Archive for the ‘Current Events’ Category
by Glen Callender
The fest kicked off Tuesday with Why Not Theatre’s I’m So Close…, an ambitious hour that poses one of the Big Questions: “How did we get here?”
“Here” variously refers to everything from our co-ordinates in the cosmos to the states of our relationships, but it is the latter meaning that dominates the narrative, as we follow the seriocomic story of a workaholic electrical engineer whose busy travel schedule places increasing strain on his marriage.
The three cast members are all excellent physical performers, and frequently use the device of speeding up repetitive actions to create impressively frenetic scenes depicting the bustle of the business world and the gradual decay of a marriage impoverished by too much time apart.
But this is also a thoroughly digital show, as multimedia elements are employed to excellent effect; the performers dart in and out from behind a large translucent screen that glows with elegant video projections illustrating how digital technology mediates their characters’ lives. Yet in spite of this high-tech backdrop, the image that appears most often on the screen predates digital technology by thousands of years—the eternally embracing pair of neolithic skeletons recently unearthed in Italy—a haunting counterpoint to the increasing separation and isolation of the living husband and wife on the stage.
A thoughtful and frequently delightful exploration of how technology designed to connect us can paradoxically push us further apart, I’m So Close… is marred only by a somewhat awkward opening monologue, which offers a facile introduction to the Big Bang and particle physics, and over-extends the question “How did we get here?” by tritely asking members of the audience what modes of transport they used to travel to the theatre. I suppose the temptation to interpret the question in every possible sense was irresistible, but I found it a mildly patronizing start to an otherwise beautiful piece of theatre.
If you’re looking for a hilariously ugly piece of theatre, on the other hand, get thee to Theatre Melee’s Cozy Catastrophe. In a derelict urban basement, four not-very-smart strangers and a rotting ham uneasily co-exist as the outside world comes to a violent demise in some kind of fiendish Godzilla-Cloverfield-zombie apocalypse. Expanded from a 15-minute playlet at Hive 2 (2008), Cozy Catastrophe now clocks in at 75 minutes—65 minutes of which is comedy gold.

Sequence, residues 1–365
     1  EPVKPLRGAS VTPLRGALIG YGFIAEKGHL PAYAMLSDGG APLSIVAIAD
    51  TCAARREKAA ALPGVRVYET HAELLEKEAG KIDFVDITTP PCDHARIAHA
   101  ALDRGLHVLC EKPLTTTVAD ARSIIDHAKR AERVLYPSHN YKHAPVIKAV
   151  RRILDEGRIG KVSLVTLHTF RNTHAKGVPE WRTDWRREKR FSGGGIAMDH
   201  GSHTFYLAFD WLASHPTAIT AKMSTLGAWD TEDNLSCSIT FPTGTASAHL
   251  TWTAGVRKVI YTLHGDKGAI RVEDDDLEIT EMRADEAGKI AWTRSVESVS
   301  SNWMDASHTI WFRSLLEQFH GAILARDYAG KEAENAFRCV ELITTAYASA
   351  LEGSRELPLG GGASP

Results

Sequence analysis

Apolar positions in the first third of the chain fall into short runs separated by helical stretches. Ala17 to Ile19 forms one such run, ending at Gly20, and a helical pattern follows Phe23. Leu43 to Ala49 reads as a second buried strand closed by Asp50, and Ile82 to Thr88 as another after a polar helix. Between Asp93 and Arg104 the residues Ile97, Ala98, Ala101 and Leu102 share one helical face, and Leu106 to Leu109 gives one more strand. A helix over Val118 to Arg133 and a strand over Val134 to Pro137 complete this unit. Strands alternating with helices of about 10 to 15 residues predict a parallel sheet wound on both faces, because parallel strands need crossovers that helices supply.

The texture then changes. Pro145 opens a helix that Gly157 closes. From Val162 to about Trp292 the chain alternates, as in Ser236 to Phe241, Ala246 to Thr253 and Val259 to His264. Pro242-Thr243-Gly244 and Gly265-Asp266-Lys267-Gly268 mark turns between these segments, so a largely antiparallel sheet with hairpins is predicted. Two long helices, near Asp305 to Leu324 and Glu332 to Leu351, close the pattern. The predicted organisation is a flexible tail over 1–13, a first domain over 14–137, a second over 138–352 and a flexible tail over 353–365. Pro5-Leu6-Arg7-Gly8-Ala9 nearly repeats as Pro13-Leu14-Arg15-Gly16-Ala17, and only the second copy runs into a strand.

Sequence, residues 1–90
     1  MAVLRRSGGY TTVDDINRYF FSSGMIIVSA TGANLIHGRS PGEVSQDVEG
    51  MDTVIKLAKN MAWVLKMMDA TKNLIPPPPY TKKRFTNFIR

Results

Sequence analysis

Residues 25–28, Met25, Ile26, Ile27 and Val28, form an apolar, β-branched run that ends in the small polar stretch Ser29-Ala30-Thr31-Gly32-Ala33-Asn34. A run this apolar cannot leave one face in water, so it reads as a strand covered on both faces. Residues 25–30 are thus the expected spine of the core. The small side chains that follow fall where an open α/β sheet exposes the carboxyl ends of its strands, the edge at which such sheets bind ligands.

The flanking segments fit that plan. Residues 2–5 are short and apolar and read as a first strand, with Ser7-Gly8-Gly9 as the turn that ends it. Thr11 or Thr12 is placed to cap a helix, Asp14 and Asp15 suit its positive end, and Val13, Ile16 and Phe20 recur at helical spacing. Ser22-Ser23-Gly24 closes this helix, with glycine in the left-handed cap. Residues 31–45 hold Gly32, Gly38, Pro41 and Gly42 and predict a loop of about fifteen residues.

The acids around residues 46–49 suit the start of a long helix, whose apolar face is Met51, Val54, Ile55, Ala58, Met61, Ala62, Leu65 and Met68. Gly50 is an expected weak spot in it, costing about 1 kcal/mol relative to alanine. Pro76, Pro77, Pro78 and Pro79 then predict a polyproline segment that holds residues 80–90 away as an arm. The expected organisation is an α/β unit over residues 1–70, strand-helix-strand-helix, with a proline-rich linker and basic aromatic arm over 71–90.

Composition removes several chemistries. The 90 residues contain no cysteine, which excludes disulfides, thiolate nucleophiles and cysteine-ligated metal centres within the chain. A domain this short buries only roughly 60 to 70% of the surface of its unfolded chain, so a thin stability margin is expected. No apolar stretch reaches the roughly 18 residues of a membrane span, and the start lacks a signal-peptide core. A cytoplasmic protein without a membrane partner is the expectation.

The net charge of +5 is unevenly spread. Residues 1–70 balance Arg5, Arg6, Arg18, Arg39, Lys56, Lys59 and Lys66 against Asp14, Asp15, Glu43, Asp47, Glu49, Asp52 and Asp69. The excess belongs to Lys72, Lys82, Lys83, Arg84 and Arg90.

The show’s wide-open, killing-time-in-an-empty-room format gives the ensemble carte blanche to cut loose and play—and they work it to the hilt, alternating bursts of slapstick violence with moments of calm where the characters lapse into poignant monologues that invariably culminate in stupid and irrelevant conclusions.
It’s great, gross, gory fun, and as impressed as I am with the show in its current form, I am excited by the thought that Cozy Catastrophe has yet to reach its outer limits, and will surely mutate again into something even bigger and better. Having grown from a short piece to a solid one-act, Cozy Catastrophe now begs to be developed into an ultra-low budget sci-fi film—I say we lock this anarchic crew in a basement with a camcorder, no food and no water, and not let them out until it’s in the can.
I’m So Close… closes April 10; Cozy Catastrophe closes April 17. Full Tremors Festival details here.
Studio 58’s production of Where’s Charley? opened on World Theatre Day, that sacred time when the thoughts of all good people turn to those two Ancient Greek masks—one laughing, one crying—that symbolize the faces actors make when they read their reviews.
I have no idea where the crying mask was that night, but Where’s Charley? certainly wears the laughing mask with an aplomb that Aristophanes himself would have admired. Yes, I assure you that if Aristophanes were alive today, aside from being approximately 2455 years old, he would have guffawed heartily at the giddy musical spectacle of a pratfall-prone young man running about in a full-length Victorian dress, affecting a ludicrous British falsetto and hopelessly entangling himself in an-ever-more complex web of comic intrigue.
Benjamin Elliott stars as the titular Charley, a young Oxford man who is forced to impersonate his aunt—for the usual farcical reasons—and delivers a tour de force performance in a challenging quick-change role that requires him to continuously fall down, get back up, pull faces and wield his matronly hand-fan with the deftness of a comic cardsharp.